Kosal Path, Assistant Professor

Political Science

Kosal Path received his Ph.D. in international relations from the University of Southern California in 2008, and taught various IR courses at USC from 2009 through 2011. His principal teaching interests are at the intersection of international relations and comparative politics with the focus on Asian security studies. Professor Path’s research focuses on the relationship between nationalism/national identity discourses and foreign policy in East and Southeast Asia, including China’s relations with its Southeast Asian neighbors.

Diogo Pinheiro, Assistant Professor


Diogo Pinheiro received a Ph.D. in Mathematics in 2006 from the University of Warwick, United Kingdom, and a B.S. in Mathematics with a concentration on Applied Mathematics in 2002 from the University of Porto, Portugal. His main topics of research include dynamical systems and differential equations, both deterministic and stochastic, as well as stochastic optimal control and applications to fields such as economics, finance, actuarial science, and biology. As a teaching assistant at the University of Porto and The University of Warwick, and a visiting assistant professor at the New University of Lisbon and the Technical University of Lisbon, Pinheiro has taught a varied range of topics to both undergraduate and postgraduate students. He was part of the organizing committee of several conferences and scientific meetings in applied mathematics, and a member of several scientific research projects.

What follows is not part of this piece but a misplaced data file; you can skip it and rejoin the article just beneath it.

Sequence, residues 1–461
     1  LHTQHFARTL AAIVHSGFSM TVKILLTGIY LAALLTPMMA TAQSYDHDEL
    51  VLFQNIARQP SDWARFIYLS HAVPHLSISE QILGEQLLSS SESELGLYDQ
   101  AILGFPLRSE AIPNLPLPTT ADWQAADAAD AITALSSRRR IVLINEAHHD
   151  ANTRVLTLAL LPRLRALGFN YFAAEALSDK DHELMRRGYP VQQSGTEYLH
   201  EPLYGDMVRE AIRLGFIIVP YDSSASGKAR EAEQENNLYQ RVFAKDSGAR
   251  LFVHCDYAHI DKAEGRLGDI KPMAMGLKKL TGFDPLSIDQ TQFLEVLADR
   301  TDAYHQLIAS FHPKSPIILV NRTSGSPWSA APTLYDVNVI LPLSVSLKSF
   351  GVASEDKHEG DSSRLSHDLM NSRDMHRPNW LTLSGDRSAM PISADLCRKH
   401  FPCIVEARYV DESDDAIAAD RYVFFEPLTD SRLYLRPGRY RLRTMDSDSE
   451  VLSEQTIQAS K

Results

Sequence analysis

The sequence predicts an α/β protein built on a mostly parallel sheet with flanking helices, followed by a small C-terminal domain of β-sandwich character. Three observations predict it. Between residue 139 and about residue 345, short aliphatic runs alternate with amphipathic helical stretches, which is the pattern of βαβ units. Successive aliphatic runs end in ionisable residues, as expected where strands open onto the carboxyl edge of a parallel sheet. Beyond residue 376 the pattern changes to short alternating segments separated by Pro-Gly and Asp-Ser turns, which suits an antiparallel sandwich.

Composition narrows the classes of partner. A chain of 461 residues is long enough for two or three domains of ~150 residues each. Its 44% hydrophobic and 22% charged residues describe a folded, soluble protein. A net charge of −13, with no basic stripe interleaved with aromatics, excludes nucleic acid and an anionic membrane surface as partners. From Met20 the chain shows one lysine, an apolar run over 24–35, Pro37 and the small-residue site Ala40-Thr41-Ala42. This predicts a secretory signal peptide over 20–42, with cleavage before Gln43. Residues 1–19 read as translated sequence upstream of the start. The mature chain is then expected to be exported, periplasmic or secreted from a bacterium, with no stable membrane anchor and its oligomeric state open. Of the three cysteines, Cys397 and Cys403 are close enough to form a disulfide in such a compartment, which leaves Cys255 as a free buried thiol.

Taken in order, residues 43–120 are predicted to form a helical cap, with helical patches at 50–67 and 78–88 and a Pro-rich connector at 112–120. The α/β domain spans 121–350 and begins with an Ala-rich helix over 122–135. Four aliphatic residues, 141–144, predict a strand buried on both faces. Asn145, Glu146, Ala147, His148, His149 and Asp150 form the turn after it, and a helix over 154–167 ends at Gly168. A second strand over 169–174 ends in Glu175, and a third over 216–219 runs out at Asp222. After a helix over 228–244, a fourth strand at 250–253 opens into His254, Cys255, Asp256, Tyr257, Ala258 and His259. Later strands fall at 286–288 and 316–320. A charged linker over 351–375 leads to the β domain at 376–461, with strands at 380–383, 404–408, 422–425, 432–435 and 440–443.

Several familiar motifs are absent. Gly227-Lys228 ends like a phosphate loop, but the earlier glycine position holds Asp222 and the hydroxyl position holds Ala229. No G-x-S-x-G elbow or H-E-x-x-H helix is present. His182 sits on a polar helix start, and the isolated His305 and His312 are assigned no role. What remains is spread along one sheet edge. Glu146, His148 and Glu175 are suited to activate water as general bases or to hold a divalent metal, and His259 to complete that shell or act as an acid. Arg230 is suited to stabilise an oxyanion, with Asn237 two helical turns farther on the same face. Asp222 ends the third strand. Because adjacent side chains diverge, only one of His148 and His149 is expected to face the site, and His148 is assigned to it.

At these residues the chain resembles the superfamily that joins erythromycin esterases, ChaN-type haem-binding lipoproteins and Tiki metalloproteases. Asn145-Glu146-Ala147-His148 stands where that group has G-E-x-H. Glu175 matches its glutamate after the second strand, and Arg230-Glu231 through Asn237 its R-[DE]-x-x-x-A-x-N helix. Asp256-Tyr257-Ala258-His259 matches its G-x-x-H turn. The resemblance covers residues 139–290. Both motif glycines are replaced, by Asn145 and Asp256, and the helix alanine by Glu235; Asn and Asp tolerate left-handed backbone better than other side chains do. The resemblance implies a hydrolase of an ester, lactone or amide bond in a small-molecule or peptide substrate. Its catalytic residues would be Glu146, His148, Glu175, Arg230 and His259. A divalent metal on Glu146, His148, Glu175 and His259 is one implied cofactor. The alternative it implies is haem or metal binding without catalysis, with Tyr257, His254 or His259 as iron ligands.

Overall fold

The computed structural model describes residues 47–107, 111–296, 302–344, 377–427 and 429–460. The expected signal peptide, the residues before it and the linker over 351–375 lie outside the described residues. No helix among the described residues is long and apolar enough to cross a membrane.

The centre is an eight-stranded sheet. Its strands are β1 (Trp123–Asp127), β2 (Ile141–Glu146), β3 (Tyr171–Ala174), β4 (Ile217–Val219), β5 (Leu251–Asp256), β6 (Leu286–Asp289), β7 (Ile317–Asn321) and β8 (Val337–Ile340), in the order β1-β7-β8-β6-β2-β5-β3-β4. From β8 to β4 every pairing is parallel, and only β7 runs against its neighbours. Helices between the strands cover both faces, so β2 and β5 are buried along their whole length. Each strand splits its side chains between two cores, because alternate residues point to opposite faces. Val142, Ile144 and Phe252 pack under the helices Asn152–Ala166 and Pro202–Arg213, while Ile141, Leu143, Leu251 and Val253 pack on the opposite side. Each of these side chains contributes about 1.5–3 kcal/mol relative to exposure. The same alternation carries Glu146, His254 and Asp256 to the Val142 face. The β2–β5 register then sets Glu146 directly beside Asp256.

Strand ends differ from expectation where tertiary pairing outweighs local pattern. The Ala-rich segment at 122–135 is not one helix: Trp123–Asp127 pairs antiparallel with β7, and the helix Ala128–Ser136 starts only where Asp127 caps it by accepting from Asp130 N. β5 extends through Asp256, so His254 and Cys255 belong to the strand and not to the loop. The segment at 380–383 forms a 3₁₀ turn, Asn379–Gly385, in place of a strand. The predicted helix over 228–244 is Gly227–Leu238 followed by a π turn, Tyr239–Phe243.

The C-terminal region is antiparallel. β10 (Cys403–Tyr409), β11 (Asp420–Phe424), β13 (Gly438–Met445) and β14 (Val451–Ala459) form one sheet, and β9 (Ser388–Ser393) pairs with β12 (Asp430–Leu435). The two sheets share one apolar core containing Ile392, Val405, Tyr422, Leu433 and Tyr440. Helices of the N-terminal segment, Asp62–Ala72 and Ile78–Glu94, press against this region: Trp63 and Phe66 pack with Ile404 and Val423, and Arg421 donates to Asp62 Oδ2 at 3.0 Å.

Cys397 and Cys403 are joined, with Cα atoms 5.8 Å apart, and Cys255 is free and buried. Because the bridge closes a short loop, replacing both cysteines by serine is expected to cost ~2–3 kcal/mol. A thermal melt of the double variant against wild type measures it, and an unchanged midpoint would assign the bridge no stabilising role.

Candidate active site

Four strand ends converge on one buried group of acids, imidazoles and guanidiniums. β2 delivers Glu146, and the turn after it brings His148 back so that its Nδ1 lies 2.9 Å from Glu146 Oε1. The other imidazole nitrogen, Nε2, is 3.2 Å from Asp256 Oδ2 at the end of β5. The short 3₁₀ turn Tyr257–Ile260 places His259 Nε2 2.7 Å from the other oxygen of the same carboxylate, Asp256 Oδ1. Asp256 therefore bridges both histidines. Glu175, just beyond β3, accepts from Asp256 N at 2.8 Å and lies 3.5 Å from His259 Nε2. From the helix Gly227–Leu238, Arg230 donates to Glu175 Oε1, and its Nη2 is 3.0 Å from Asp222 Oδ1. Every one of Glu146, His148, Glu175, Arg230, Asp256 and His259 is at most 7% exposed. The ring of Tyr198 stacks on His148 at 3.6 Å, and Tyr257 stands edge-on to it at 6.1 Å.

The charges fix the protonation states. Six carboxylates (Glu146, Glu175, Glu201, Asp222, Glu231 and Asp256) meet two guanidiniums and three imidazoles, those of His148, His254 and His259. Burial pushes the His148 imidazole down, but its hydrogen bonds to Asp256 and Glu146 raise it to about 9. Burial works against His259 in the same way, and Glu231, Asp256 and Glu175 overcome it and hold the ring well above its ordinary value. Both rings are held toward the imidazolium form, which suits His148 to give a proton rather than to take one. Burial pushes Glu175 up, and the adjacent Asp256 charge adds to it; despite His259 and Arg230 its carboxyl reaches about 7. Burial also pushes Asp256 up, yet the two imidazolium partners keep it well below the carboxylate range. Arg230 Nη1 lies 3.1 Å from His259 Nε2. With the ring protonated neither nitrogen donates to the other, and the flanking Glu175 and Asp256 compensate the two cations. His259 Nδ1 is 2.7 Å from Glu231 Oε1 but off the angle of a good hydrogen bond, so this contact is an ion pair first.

Satina V. Williams, Assistant Professor


Satina V. Williams is an assistant professor in the Department of Accounting at Brooklyn. She holds a Ph.D. in Accounting from Virginia Commonwealth University, an MBA from the University of North Carolina-Chapel Hill, and a B.S. in Public Accounting from Benjamin Franklin University School of Accountancy. Prior to academia, Satina worked as an assistant legislative auditor, internal auditor, external auditor, and full-charge accountant in Maryland and Washington, D.C. Her research and publications focus on auditing education, diversity in the accounting profession and internal auditing. She is a Certified Public Accountant.